Tom Carroll takes a ski over the falls
All photos by Jamie Scott Last week, Tom Carroll and Ross Clarke-Jones were surfing Cow Bombie in Western Australia, filming for their theatrical feature film, Storm Surfers, to be released next year in 3D. During the session, Tom whipped Ross into a particularly bumpy wave, resulting in 75kg Tommy taking his 600kg Yamaha FLR over the falls. […]
All photos by Jamie Scott
Last week, Tom Carroll and Ross Clarke-Jones were surfing Cow Bombie in Western Australia, filming for their theatrical feature film, Storm Surfers, to be released next year in 3D. During the session, Tom whipped Ross into a particularly bumpy wave, resulting in 75kg Tommy taking his 600kg Yamaha FLR over the falls. Amazingly, and luckily, both men were unscathed, but how the heck did it happen? Stab called Tom to get the low-down.
Stab: Please Tom, provide us with a rough outline…
Tom: It’s pretty hard to tell on that wave, but there was a really strong onshore flow and had been for a few days before. And a pretty strong swell. You wanna be careful when you’re out in that sort of wind and keep a really good eye on what’s going on. Especially when your partner’s just let go of the rope and you’re coming over the wave’s peak, sideways. Which I’ve done a million times before. But I just got clipped, right on the crest. At that point, it tilted me back into the wave and I didn’t have much say in where a 600kg machine was going. But it’s one of those things, I had to let go of the throttle and go with it. And around about then, I had heaps of time to look at the thing.
Did the ski get trashed? The ski held it together. Contrary to what a lot of the tabloid journalists said, like, “Oh, it was completely smashed, blah blah.” It was amazing that it stayed together. We just lost the camera rig and the sled was ripped outta the back, which left a hole. We’re just getting that repaired and it’ll be fine.
Was that a 3D rig? Does that mean you lost all the footage from that session? Yeah, it was 3D. We lost all the footage from that rig, but we always have a few rigs going at once. So we got footage of the whole thing.
And Ross was fine? Yeah. But, it’s really scary having a mate underneath you like that, looking down at him, thinking, it’s all gonna unload on him. You can see in the shot where I’m at the top of the wave, I’m kinda tilting the ski away from him. That was my biggest fear, coming down on him. I felt like I was pretty close to him and I was aiming straight at him at that point. I had no control, I had to just go with it. There was a really slow, deathly moment at the top. There was quite a bit of time to think. When adrenaline pumps through you, everything tends to slow right down. So you’ve got a moment there when you’re super-aware of everything. It’s a freaky feeling.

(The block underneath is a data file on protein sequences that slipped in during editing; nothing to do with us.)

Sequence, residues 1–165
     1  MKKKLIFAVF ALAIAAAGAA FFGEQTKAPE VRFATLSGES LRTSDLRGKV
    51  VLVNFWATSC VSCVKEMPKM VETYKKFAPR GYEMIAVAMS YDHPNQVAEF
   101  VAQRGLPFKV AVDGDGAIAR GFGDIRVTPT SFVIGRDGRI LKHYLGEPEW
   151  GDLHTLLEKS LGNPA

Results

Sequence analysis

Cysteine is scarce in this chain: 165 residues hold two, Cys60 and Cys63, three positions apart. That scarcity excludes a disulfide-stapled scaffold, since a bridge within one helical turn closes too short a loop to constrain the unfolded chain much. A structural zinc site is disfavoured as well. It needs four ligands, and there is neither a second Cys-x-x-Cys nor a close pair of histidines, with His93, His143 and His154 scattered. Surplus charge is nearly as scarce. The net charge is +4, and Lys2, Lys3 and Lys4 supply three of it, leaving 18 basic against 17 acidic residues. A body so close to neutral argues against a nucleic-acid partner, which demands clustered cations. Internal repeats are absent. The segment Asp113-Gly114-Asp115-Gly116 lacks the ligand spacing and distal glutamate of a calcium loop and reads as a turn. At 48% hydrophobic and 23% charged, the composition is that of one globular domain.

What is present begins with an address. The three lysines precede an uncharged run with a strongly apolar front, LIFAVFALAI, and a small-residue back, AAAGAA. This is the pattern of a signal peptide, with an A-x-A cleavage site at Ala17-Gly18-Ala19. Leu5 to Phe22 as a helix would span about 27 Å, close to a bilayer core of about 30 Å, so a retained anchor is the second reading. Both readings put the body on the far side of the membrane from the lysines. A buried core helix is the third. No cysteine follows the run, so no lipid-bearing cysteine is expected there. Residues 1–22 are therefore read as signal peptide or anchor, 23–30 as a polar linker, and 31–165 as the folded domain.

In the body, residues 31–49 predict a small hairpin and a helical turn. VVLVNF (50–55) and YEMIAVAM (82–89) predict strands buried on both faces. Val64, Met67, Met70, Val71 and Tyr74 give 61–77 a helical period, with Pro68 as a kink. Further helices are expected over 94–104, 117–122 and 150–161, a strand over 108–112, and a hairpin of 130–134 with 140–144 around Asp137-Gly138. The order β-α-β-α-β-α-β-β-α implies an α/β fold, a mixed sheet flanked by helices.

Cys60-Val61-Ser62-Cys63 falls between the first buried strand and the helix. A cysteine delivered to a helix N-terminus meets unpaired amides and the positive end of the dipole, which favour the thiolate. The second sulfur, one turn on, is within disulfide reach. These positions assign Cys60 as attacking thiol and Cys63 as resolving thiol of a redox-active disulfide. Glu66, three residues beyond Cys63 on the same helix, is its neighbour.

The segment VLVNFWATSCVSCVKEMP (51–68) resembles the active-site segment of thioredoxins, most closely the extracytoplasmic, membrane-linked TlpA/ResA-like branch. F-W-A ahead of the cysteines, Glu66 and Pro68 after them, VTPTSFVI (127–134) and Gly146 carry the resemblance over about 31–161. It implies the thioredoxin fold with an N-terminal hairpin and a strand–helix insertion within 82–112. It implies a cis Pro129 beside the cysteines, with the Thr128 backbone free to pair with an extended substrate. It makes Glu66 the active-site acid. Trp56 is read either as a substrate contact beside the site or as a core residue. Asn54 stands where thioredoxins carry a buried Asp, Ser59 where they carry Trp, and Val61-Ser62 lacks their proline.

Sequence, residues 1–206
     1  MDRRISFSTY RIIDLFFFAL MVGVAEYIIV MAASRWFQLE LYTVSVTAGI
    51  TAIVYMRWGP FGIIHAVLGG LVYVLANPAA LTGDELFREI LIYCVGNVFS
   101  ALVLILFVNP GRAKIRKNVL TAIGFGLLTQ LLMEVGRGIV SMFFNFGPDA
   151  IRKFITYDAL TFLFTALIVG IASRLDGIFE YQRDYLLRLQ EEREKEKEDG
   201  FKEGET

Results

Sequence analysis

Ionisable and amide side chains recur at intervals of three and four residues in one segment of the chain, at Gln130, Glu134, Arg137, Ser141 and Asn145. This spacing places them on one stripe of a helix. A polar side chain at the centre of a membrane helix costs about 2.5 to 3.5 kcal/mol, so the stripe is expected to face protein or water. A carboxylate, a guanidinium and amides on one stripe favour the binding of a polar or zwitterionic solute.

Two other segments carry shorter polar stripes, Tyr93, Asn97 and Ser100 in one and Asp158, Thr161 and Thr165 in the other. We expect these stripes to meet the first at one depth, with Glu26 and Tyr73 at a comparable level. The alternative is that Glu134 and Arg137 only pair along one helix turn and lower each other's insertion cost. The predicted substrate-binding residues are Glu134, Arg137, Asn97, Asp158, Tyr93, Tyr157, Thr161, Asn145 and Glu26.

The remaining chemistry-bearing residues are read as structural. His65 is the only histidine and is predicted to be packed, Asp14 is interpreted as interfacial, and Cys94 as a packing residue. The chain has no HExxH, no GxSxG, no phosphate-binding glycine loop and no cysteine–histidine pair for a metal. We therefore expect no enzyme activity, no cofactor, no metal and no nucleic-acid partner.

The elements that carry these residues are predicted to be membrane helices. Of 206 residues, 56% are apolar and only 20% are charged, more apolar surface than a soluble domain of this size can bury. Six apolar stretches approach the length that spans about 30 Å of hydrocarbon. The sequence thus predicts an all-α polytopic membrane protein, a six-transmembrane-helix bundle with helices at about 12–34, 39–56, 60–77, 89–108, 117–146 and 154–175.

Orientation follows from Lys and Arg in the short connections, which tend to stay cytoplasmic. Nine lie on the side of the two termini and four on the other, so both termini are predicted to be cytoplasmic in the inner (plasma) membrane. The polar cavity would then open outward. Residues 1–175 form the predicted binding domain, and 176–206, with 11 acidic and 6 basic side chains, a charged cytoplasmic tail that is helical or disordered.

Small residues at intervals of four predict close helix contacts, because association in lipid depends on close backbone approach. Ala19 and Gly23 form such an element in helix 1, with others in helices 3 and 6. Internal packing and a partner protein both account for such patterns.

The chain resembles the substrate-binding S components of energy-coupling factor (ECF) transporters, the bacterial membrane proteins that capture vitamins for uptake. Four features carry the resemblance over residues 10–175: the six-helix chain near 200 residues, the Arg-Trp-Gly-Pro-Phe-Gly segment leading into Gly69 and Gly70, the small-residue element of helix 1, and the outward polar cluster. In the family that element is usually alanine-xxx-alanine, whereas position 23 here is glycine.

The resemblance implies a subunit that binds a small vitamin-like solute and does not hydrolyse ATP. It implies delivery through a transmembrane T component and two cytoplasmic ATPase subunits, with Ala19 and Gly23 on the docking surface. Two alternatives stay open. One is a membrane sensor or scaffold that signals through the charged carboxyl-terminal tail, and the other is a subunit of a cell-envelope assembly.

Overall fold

While you were super-aware, was Ross blissfully unaware? He didn’t know anything’d happened until he saw me trying to get on the other ski. I was climbing on the other ski and Ross was looking ’round in bewilderment, and I looked at him and… I was in shock. I jumped on the original ski and tried to start it. At that point it’d auto cut-off, so it didn’t start straight away. I looked in the front of the ski and it was just full of water. I thought the ski was stuffed at that point, but it started up on the boat ramp afterwards.
Was there a moment where you thought you could burn outta there? I just decided to go down with it, ’cause I wasn’t quite sure where Ross was. I don’t know what made me go down with it, but I just stuck with it all the way through.
Commitment! Yeah, commitment! (Laughs). It just felt like the right thing to do. It worked out though, it coulda been a lot uglier. We had two canisters of compressed air either side of the ski. Two scuba-diving tanks. ‘Cause with 3D, everything you shoot’s gotta be crystal clear, so we’ve got these things called compressed air masks, that brush each camera lens clean. One sits each side and, during that wipeout, they both came flying out. That was really scary.
If y’had to put a rough estimate to it, how much green worth of gear was toasted? The whole rig was about 10 or 12 gees worth of equipment.
Small price to pay for getting outta there unscathed. Oh yeah, we’re both so thankful. The whole rig was made out of carbon fibre and there was one big spike of it hanging off the jetski. If anyone was impaled by that, it would’ve been horrible.
It seems like it happened pretty easily, is it odd that we don’t see this more often? Not many people would go out towing in those sort of conditions. They were extraordinary conditions really, no one in their right mind would be out there. We do some stuff that’s a little bit different. We’re not so much about surfing perfect waves. We kinda go out in really challenging conditions and that session was certainly no exception. We don’t want to go to the normal old spots… even though Cow Bombie is.
So it happened solely ’cause of the chop and wind? Oh, no, it was my fault too. My judgement. I was the driver, so I’m fully at fault, putting the jetski there. I was taking it a little bit easy, going too slow over the wave, probably not punching it over the top as hard as I normally would. I was very distracted, doing several different things at once. I was towing Ross in. I was taking care of the air across the camera lenses. I was taking care of the commentary in the form of a device on my PFD (personal flotation device). I had a helmet on that had communications going. I wouldn’t normally have all those things during a regular tow-in. I just wasn’t giving those conditions enough attention, and that’s what happens. So, now I know what it feels like to go over the falls on a jetski. I can say I’ve experienced it and, I’ll tell you, it’s fricken crazy.
Storm Surfers‘ll be released in 3D, in cinemas next year, through Madman Entertainment.
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